How do differences in language influence comparative philosophy? Although the Orientalism famously described by Edward Said is rare today, Steven Burik maintains that comparative philosophy often subtly privileges one tradition over another since certain conceptual schemes are so embedded in Western languages that it is difficult not to revert to them. Arguing for a new approach that acknowledges how theory and practice cannot be separated in comparative philosophical endeavors, Burik provides nonmetaphysical, deconstructionist readings of Heidegger and Derrida and uses these to give a new reading of classical Daoism. The ideas of language advanced therein can aid the project of comparative philosophy specifically, and philosophies generally, in trying to overcome ways of thinking that have dominated Western philosophy for twenty-five hundred years and still frustrate intercultural encounters.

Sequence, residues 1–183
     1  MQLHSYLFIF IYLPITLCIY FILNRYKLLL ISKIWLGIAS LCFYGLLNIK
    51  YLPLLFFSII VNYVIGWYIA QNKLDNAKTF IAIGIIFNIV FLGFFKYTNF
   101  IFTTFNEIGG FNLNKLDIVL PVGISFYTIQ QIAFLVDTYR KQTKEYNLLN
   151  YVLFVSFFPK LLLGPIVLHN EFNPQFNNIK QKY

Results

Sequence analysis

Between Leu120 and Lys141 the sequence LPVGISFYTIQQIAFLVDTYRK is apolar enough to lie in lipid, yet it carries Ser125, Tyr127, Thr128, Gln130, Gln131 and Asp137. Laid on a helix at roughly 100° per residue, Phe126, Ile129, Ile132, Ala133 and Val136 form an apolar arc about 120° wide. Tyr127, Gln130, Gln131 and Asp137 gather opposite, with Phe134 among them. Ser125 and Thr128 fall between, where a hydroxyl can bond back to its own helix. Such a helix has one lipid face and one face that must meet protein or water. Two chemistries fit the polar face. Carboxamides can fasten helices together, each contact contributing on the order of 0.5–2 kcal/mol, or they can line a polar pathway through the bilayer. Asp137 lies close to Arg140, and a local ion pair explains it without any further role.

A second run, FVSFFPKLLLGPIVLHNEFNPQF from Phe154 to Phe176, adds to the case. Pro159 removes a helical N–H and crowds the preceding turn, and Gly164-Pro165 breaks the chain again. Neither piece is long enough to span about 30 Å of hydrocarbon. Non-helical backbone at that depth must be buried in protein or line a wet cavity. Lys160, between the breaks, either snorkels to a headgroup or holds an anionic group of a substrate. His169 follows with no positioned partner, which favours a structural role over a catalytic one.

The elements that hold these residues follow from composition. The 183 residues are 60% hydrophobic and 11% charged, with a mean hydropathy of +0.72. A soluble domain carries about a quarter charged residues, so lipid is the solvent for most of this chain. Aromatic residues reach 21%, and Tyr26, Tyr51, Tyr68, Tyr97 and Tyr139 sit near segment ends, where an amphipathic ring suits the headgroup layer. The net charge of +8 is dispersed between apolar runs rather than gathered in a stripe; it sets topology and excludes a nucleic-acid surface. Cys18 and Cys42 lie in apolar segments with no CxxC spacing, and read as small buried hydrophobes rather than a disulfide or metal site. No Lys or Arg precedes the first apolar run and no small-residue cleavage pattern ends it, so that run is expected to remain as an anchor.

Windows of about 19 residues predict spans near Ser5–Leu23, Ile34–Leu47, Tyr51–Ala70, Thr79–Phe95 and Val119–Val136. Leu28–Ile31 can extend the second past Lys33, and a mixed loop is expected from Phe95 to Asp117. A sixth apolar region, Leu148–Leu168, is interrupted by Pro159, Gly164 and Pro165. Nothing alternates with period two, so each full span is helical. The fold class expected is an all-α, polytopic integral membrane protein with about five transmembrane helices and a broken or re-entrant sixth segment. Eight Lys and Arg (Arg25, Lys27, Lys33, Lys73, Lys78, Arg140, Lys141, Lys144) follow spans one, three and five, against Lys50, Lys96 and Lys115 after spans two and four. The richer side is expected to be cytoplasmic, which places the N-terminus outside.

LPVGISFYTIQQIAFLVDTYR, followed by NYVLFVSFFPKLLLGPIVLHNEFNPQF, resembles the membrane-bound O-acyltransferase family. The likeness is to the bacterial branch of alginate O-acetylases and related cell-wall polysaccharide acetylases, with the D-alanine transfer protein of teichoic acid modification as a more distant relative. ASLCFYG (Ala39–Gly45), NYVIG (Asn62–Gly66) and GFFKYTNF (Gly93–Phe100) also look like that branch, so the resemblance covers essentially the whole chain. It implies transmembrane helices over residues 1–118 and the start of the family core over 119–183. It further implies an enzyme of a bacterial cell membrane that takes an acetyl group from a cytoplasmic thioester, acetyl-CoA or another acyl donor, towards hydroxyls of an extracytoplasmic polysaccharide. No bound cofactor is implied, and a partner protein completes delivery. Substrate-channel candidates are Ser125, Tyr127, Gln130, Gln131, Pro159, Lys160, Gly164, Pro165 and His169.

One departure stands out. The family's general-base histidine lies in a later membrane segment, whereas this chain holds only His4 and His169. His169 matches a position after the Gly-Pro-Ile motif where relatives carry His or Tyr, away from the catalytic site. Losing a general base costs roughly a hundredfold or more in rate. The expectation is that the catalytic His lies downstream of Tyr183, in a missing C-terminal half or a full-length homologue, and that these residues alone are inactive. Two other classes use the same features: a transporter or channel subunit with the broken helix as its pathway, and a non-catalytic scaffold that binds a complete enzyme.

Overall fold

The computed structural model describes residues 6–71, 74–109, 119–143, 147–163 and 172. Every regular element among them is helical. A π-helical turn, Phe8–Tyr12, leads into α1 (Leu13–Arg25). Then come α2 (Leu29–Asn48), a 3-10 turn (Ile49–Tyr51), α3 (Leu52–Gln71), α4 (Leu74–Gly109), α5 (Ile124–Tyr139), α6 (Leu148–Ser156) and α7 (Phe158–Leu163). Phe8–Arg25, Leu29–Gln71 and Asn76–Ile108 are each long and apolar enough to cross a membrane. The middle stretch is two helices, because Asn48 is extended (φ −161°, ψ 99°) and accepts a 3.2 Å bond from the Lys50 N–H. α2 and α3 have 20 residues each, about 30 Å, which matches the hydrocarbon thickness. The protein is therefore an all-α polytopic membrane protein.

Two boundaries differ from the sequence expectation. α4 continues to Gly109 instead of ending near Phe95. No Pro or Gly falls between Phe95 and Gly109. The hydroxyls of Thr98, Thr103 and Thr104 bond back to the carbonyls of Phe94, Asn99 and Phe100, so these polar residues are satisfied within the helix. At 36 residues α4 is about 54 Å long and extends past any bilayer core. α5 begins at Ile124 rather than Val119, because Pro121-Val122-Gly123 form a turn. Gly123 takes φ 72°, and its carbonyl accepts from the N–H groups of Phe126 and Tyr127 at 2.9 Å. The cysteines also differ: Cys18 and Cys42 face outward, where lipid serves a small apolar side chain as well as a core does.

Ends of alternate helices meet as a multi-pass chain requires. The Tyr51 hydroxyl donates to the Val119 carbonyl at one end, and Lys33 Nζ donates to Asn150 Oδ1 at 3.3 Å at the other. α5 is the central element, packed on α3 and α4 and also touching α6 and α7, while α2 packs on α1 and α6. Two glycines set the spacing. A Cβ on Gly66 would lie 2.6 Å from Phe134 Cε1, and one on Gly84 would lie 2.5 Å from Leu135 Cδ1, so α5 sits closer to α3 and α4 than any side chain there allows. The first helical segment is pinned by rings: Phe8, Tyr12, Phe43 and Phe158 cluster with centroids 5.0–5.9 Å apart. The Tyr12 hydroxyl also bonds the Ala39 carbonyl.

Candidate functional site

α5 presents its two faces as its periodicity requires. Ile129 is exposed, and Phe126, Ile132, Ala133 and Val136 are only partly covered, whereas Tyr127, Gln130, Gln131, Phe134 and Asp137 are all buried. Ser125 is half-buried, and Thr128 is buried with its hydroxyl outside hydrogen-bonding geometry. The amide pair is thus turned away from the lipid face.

About the Author
Steven Burik teaches philosophy at Singapore Management University and also at the Center for American Education, Broward College, Singapore.